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Author: Jennifer Rankin in Brussels

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Google fined £3.8bn by EU over Android antitrust violations



Company made its search engine the default on most phones using operating system

Google has been hit with a record €4.34bn (£3.8bn) fine by the European Union for abusing its market dominance in mobile phone operating systems.

The EU imposed the multibillion-euro penalty after finding that the US tech firm required smartphone manufacturers to pre-instal Google’s search and browser apps devices using its Android operating system, otherwise they would not be allowed to use its Google Play online store and streaming service.

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EU votes for copyright law that would make internet a ‘tool for control’



MEPs defy warnings from internet pioneers, civil liberties groups and commercial interests

A European parliament committee has voted for legislation that internet pioneers fear will turn the web into “a tool for surveillance and control”.

In a key vote on a draft law to overhaul EU copyright rules, the parliament’s legal affairs committee on Wednesday voted for measures that would require the likes of Google and Microsoft to install filters to prevent users from uploading copyrighted materials.

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Complaints that Zuckerberg ‘avoided questions’ at European parliament



Facebook founder spends 30 minutes giving answers to 60 minutes of MEPs’ questions

Mark Zuckerberg’s meeting at the European parliament ended in acrimony amid a chorus of complaints that the Facebook founder had been allowed to evade questions and give vague answers. Over the 90-minute session, the Facebook founder told MEPs there would be no repeat of the Cambridge Analytica data scandal as he fielded accusations that his company had too much power.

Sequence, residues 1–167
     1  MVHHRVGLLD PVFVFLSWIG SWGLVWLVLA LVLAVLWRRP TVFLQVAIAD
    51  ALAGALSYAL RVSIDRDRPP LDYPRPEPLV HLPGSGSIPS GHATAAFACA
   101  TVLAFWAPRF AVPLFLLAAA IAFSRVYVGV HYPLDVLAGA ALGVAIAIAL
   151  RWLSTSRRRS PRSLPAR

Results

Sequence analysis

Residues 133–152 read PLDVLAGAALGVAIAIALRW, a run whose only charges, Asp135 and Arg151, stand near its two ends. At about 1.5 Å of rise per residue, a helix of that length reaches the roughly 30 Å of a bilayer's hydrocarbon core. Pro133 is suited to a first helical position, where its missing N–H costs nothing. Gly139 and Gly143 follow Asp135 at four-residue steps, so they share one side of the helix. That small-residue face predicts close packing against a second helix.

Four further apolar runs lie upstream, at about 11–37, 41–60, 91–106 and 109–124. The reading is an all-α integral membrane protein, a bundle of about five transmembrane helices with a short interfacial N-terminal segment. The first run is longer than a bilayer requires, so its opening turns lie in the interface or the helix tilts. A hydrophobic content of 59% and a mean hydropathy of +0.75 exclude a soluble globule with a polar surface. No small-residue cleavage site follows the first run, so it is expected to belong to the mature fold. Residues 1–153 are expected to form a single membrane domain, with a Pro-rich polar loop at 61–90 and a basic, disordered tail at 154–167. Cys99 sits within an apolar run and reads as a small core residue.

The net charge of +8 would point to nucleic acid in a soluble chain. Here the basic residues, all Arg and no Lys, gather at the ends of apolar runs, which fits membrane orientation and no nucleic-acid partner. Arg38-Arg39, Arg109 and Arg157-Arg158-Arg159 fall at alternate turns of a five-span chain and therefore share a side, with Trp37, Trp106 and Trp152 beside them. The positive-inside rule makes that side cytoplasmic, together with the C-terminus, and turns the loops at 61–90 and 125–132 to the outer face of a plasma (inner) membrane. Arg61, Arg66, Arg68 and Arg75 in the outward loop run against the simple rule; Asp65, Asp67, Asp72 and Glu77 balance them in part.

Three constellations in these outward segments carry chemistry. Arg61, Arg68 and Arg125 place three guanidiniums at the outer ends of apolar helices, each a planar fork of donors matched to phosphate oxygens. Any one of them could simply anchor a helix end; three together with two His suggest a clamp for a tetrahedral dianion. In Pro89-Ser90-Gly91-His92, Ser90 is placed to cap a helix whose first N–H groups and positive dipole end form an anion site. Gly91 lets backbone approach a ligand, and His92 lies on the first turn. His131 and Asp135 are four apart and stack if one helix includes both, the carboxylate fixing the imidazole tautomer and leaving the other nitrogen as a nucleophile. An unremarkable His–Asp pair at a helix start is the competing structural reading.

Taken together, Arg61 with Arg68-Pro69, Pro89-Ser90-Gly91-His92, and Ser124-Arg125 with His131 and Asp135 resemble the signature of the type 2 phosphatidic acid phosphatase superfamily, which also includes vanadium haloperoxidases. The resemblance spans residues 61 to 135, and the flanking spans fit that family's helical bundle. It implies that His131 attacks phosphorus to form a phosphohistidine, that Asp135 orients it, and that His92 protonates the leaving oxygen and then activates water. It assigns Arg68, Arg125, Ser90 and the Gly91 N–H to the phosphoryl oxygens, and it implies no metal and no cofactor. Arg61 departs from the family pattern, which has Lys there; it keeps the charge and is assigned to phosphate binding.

The format meant Zuckerberg spent around 30 minutes giving answers to a 60-minute block of consecutive questions. The 12 MEPs asked dozens of overlapping questions that allowed the Facebook boss to pick and choose his answers. Guy Verhofstadt, the leader of the liberal group, slammed the “precooked format” as “inappropriate” and said it had permitted Zuckerberg to avoid questions.

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Mark Zuckerberg to appear before European parliament



Facebook chief’s closed-door meeting with MEPs will be seen as snub to UK

Mark Zuckerberg has agreed to appear before the European parliament at a closed-door meeting possibly as soon as next week, according to the parliament president, Antonio Tajani.

The Facebook founder’s decision to meet MEPs will be seen as a snub to the UK parliament. British MPs have asked him to appear to explain the company’s role in the Cambridge Analytica scandal where the personal data of tens of millions of people was used without their permission.

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Artificial intelligence set for multibillion-euro EU investment boost



Commission wants to boost artificial intelligence research amid concerns Europe is losing ground to US and China